At the river we stare at our reflection knowing in our eyes there is more work to be done.

This is why we are here this afternoon.

Thursday, September 24, 2015


I got a chance to drop by Michelle Herman's studio this afternoon. She's including me in a project that will be held at the WPA (new location in Shaw) next month. Look for my smiling face in the window.

Here is a link to her website:


Hearing Pope Francis mention the name Thomas Merton made me go back and turn the pages of my memoir. Here is what I wrote in FATHERING WORDS:

I guess it started around the corner, behind the doors of St. Margaret Episcopal Church. Richard was an altar boy who held incense and candles for Father Kruger. The organ music would touch the top of the ceiling and press against the stained-glass windows. The Bible stories were better than cartoons and Dell comics before Marvel pushed them aside with the Metal Men. Somewhere between J.H.S. 52 and Morris High School, Richard would catch the faith like a cold. He joined the Catholic Church and ran the streets with his friend Ignacio. Ignacio was from Cuba and his family must have left the country when Fidel came to power. I would not even think about this until much later. My brother meanwhile was reading the writings of Thomas Merton in much the same manner as Julius Lester and Ernesto Cardenal. Around the world men were listening to their inner voices, leaving homes for solitude and the embracement of degrees of grace.

You're invited!
Please join us Tuesday, October 6
Carnegie Institution for Science
1530 P Street NW | Washington, DC 20005
5:30 PM Reception
7:00 PM Program

This year's award recipients:
Domestic Awardee: Daryl Atkinson and the Southern Coalition for Social Justice, for their leadership in building a broad-based movement for criminal justice reform, and in empowering those with criminal records to uphold their right to a second chance.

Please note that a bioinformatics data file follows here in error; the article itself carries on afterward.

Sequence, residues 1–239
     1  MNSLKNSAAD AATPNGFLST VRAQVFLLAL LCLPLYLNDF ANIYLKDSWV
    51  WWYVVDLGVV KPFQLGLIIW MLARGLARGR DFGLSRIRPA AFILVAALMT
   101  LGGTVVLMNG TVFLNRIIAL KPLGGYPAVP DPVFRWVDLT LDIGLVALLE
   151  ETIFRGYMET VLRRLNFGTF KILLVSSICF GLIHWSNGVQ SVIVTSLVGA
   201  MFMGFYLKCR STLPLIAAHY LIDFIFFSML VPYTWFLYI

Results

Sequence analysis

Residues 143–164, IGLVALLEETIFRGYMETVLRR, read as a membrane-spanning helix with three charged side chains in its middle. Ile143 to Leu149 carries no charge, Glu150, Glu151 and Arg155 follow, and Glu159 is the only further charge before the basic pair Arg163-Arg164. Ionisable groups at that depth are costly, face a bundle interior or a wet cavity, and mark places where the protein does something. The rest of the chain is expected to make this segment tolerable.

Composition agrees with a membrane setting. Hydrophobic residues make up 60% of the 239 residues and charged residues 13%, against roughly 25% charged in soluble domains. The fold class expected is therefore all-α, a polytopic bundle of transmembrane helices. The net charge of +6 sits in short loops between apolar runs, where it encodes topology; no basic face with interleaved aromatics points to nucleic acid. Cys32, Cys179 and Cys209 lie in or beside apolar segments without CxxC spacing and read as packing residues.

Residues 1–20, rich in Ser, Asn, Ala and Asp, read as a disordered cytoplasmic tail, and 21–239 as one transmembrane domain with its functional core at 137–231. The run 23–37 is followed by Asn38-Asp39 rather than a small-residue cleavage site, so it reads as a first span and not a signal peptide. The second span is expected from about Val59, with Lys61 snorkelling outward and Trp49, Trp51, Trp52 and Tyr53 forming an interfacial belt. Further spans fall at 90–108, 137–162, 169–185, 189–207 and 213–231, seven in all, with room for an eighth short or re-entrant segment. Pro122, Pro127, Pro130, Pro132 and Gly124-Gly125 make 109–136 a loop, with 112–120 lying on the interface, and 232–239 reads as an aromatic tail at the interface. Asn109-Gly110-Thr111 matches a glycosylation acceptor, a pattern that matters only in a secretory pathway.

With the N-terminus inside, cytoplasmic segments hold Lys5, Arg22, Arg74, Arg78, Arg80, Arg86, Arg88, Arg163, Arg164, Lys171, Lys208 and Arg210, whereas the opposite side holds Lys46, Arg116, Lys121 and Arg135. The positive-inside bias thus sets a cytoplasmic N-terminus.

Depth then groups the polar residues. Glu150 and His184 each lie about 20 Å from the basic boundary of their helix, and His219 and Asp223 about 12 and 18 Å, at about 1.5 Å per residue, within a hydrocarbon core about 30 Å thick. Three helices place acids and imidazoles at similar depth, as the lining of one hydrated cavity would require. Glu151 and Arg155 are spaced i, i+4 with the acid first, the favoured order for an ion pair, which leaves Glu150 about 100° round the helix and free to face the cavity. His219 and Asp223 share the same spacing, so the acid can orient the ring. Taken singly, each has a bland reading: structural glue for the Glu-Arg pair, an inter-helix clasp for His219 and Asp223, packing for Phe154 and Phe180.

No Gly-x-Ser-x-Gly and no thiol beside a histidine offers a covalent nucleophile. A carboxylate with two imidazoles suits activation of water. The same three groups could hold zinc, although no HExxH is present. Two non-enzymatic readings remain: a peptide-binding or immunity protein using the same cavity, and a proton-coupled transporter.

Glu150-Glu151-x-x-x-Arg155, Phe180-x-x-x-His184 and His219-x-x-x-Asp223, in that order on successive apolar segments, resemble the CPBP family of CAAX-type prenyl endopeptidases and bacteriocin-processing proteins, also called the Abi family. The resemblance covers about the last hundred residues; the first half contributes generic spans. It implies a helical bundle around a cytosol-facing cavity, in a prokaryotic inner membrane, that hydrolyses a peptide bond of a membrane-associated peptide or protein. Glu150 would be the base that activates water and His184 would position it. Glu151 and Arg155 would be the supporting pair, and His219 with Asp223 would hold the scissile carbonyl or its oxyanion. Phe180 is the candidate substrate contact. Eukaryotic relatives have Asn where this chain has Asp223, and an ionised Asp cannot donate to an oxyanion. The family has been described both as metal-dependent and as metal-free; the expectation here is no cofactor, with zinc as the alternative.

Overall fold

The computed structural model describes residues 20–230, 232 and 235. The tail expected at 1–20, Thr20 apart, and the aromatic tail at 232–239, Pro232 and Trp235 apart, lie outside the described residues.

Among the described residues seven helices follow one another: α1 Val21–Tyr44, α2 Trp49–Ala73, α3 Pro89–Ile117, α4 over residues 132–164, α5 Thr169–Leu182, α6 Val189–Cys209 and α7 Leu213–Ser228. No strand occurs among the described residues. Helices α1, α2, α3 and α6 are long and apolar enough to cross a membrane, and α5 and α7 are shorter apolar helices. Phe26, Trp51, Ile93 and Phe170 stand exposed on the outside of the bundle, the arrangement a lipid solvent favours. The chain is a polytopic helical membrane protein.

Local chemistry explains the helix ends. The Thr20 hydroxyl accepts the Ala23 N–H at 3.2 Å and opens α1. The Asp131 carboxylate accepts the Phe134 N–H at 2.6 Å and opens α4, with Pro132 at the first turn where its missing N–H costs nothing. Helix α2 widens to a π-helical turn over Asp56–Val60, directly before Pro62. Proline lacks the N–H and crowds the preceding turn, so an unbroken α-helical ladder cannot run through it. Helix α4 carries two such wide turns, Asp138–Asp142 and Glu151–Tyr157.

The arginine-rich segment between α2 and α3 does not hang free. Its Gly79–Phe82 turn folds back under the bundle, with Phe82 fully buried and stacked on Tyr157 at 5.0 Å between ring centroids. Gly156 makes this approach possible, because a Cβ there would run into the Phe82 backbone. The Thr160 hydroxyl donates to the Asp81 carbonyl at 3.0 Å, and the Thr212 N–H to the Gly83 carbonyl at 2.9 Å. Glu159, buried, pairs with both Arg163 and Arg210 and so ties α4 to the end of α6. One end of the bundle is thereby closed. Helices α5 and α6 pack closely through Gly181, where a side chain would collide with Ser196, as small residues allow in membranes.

International Awardee: Almudena Bernabeu and the Center for Justice and Accountability,​ for their successful prosecution of several of the worst Latin American perpetrators of crimes against humanity.

Purchase tickets and find more information at or call 202.787.5272.

Our annual memorial service for Orlando Letelier and Ronni Karpen Moffitt will be held at Sheridan Circle on September 13 from 10:00 AM - 11:00 AM.

Institute for Policy Studies | 1112 16th Street NW, Suite 600 | Washington, DC 20036 | 202.234.9382

Tuesday, September 22, 2015


Sometimes some things simply amaze me.  I have never wanted to be a tightrope walker.  Imagine being between earth and sky. Do you think it’s like coming from the Vatican?  Pope Francis visit to Washington  has created an interesting discussion about transportation. The media focus seems to be more on how the holy visit will create problems for residents. Maybe we should all stay home and keep out of the way.  This is the distraction we are fed like soma in a Huxley book.  The message of Pope Francis is first reported like a labor strike. We learn first about how the strike might simply disrupt things. The focus is never on why the workers are striking in the first place. We have to reach for the high shelf to discover what the Pope is selling us.

At times Americans tend to go with the buffet instead of what’s on the menu. In other words we select the words of the Pope we like and try to fit it into our political diet. Climate change, poverty, abortion, and countless other issues can be hidden under the Pope’s robe. After ever speech we try to disrobe him. What did he say?  Did he reveal the naked truth?